Bond referendum favored
JACKSON – The Northampton County Board of Education (BOE) voted unanimously Monday night to pursue a new centrally located school for grades 7-12.
Superintendent Monica Smith-Woofter said that after discussions with eight different architects, the BOE should seek $34 million from county taxpayers for construction.
The costs differed between the consulting architects based upon inflation and other factors over the 40-year life of paying for the costs of the project.
BOE Attorney Rod Malone said the board might have to reduce the scope of the project because of potential inflation and building costs, but agrees with Woofter that $34 million should be requested.
Woofter pointed out that with an average property tax value in the county of $80,000, skewed high due to Lake Gaston properties, an increase in the property tax rate of .09 cents per $100 valuation would cost the average property owner about $90 per year. Currently, Northampton County property owners pay 92 cents per $100 of value.
BOE member Clinton Williams said that if a bond referendum were approved by voters, the tax rate would decrease over time.
The BOE and Board of County Commissioners, during mediation in July, agreed to a supplemental school tax to fund the new school, but Williams said the bond referendum would cost taxpayers less over the life of the 40-year loan.
He also said the new state-of-the-art school would bring students back to the district and might increase economic development and tax base throughout Northampton County.
“We need to get the county commissioners to support the bond referendum to the community,” said Williams.
The county commissioners need to make a decision by Nov. 2 to place it on the March ballot for voters to have their say, Malone said.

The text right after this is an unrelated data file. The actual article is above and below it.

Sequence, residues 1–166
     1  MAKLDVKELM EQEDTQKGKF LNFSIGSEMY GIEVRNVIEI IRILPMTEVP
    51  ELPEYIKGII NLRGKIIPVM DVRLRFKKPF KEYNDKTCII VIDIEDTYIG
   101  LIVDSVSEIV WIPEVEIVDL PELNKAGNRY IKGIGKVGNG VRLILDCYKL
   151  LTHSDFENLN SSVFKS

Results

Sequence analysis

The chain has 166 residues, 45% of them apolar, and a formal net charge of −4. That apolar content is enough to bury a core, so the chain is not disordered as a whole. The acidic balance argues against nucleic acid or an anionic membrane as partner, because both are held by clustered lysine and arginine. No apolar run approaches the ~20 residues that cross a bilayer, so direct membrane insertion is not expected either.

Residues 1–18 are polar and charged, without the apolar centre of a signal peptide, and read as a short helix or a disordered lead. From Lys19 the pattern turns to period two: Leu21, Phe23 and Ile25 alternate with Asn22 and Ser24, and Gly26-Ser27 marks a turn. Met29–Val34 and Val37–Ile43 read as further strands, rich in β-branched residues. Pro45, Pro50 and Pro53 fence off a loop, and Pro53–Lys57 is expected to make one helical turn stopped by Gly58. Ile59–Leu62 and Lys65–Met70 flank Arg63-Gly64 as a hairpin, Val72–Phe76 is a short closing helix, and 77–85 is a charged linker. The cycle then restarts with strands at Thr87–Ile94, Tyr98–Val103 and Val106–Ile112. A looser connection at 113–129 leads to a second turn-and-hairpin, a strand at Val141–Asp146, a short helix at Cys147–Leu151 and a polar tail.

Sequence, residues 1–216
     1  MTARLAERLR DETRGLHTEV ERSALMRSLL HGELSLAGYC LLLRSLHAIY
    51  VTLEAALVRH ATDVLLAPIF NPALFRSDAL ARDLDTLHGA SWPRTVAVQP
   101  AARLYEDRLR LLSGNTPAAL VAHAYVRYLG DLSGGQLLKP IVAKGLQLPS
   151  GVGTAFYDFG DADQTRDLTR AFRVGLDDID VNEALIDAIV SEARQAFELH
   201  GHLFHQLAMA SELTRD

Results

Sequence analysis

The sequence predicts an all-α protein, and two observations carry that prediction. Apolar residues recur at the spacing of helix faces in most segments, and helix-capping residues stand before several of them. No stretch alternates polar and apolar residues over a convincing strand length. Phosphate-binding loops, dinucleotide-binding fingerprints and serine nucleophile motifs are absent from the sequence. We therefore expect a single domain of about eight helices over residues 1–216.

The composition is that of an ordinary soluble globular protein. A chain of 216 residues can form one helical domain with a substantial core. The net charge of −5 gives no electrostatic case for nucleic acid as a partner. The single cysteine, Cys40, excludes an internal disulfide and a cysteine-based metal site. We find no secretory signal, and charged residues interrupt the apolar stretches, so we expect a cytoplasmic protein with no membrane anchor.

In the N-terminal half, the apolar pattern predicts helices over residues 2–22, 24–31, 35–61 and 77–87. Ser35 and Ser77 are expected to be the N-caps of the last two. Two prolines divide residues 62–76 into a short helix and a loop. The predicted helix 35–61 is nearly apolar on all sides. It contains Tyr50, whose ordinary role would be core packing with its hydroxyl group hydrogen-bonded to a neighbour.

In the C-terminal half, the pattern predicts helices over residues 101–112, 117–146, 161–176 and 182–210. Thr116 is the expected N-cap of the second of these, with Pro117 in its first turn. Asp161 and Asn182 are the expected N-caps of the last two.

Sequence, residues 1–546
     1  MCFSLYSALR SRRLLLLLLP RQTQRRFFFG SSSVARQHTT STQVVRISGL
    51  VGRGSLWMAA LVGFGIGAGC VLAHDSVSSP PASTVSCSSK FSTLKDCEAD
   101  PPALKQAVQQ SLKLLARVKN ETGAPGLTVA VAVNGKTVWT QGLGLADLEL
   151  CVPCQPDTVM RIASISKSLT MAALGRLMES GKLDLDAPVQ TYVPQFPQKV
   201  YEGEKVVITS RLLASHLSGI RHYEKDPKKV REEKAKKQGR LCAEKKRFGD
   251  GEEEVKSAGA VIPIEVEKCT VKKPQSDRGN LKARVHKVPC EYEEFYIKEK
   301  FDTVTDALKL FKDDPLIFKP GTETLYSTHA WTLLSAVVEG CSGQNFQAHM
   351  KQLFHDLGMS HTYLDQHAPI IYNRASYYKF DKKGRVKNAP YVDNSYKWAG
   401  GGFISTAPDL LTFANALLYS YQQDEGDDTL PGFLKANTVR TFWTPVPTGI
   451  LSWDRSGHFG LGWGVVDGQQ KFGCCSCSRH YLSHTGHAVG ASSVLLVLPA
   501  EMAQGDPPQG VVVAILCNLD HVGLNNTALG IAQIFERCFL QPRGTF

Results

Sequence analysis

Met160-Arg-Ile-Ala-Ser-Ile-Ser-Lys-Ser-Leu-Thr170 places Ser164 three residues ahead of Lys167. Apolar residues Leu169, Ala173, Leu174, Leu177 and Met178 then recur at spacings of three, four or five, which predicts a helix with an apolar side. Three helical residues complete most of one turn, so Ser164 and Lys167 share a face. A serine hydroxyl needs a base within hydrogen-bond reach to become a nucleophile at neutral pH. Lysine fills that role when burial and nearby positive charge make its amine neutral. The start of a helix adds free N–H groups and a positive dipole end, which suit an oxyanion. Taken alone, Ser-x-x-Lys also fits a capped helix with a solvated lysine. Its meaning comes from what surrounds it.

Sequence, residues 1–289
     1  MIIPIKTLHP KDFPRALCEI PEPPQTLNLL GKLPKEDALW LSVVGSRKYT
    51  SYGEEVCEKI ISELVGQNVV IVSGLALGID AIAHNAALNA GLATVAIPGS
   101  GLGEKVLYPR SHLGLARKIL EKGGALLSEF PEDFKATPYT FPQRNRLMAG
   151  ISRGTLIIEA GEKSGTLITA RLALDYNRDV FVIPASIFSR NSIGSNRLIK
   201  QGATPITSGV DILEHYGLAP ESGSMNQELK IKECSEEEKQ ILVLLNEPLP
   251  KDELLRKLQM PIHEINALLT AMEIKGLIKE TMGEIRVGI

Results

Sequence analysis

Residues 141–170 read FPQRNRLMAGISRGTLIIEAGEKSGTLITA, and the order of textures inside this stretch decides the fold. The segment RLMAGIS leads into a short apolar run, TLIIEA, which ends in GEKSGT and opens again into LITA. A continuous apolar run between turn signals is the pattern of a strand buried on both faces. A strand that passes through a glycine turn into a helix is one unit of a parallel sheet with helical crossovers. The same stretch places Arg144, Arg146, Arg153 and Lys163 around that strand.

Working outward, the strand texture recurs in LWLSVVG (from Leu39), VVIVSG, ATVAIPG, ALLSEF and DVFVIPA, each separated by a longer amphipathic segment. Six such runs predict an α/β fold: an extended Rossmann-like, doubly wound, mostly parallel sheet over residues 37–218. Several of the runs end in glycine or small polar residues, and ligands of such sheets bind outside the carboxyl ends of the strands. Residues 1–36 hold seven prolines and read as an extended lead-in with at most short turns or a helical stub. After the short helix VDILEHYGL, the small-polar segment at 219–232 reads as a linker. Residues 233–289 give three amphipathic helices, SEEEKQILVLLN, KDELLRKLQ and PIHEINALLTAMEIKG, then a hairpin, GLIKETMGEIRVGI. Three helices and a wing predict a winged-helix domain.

On Wednesday, County Manager Kimberly Turner said she had not heard from the BOE since the Monday night meeting. She added that the BOE not meeting the Oct. 12 deadline (to have the supplemental tax issue placed on the March 2016 ballot) did not matter. The county commissioners would review the BOE’s request for a bond referendum, when received, at an October meeting to meet the state’s Nov. 2 deadline.
During Monday’s BOE meeting, Williams asked, “Why should we have to convince the county commissioners, who are responsible for our facilities?”
He added that the school district and the county should share facilities to keep down the costs.
“They are shirking their responsibilities,” Williams said. “We could cut costs if the county commissioners worked with us.”
Malone said sharing facilities could save up to $2 million.
He added, “The county commissioners want the Board of Education to be responsible for any tax increase.”
Williams added, “There is a lot of politics.”
The BOE then unanimously approved the superintendent’s recommendations.